Colleagues Remember Judge Charles Carnes
Judges credit longtime Fulton State chief for counsel as they learned the job
As she advanced through her own legal career, U.S. District Chief Judge Julie Carnes recalled that she would often hear praise for her father, Fulton County State Court Senior Judge Charles L. Carnes.
"At first I just thought people were saying nice things because of who he was," Julie Carnes said Wednesday, two days after her father died at the age of 86. "But I realized he had a real knack for bringing out the best in people. He ran a very collegial court, but a good court."
"It was his manner," she said. "He had a gift. He could be very firm and direct—he always was—but it was tempered with kindness and gentleness."
After Julie Carnes was appointed to the federal bench in 1992 by President George H.W. Bush, the father-and-daughter judges would often get together and talk shop, she said.
"We got very close after that," she recalled. "He was a very good example for me. When he had a trial, I'd go over to the house and he'd have all his files out. He appreciated the opportunity to prepare. He believed it was his job to be totally ready."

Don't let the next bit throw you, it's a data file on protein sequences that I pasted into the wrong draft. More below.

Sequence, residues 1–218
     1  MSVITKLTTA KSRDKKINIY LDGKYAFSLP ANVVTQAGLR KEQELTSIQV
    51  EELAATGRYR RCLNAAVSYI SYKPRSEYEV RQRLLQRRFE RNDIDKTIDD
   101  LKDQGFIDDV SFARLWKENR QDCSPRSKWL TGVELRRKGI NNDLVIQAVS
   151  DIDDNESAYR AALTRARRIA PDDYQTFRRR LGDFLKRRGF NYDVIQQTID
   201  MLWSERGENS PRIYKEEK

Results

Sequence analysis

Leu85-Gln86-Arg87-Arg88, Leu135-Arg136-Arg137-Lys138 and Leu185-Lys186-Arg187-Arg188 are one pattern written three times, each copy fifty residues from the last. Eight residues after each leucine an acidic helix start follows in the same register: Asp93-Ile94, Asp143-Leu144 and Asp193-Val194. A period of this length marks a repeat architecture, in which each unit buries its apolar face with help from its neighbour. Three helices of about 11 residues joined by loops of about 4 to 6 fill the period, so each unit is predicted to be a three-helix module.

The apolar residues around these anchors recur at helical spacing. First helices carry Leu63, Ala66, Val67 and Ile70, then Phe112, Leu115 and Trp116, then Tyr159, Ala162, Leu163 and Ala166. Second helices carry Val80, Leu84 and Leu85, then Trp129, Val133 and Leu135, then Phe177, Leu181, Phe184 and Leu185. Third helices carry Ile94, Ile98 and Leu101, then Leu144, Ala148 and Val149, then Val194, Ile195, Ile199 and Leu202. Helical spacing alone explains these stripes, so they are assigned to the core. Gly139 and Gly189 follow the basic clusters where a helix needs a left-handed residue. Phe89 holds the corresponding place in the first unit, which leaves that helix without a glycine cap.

Her father continued to try cases for several years after taking senior status in 1998, Carnes said, and he remained quick-witted even as health issues became a problem over the last year or so.
"One thing I admired about Dad is that he knew when to quit," she said. "He wanted to step down before somebody said he should."
Charles Carnes was the youngest of 13 children in a poor family from Eton, Ga. He joined the Navy at 16 and served in World War II and the Korean War. When he returned, he worked his way through college and law school. He served as an assistant county attorney for Fulton County and held a seat on the Board of Education before his election to the Legislature.
In 1980, Carnes was elected to the State Court, where he was quickly made chief judge. He stayed put. Asked why, he said that being chief judge “is kind of like being the Speaker,” in charge of the institution.
Charles Carnes left behind his name, placed on the State Court building, and many lawyers and judges who remembered him well on Wednesday.
“There is no better trial judge in Georgia, and no wiser mentor to judges and lawyers than Charlie Carnes,” said U.S. Court of Appeals Judge Frank Hull, who served in the State Court from 1984 to 1990. “He trained so many new judges like me, we began to call the Fulton County State Court, ‘The Charlie Carnes Training School for Judges,’” said Hull. “It’s true; so many who served under him went on to judgeships. He always stressed the importance of judicial temperament, starting court on time.”
"The best thing I ever did was, the first hour after I was sworn in, going down to the court and introducing myself to Chief Judge Charlie Carnes," said Hull. "From that moment he guided and helped me in every way he could, both professionally and personally."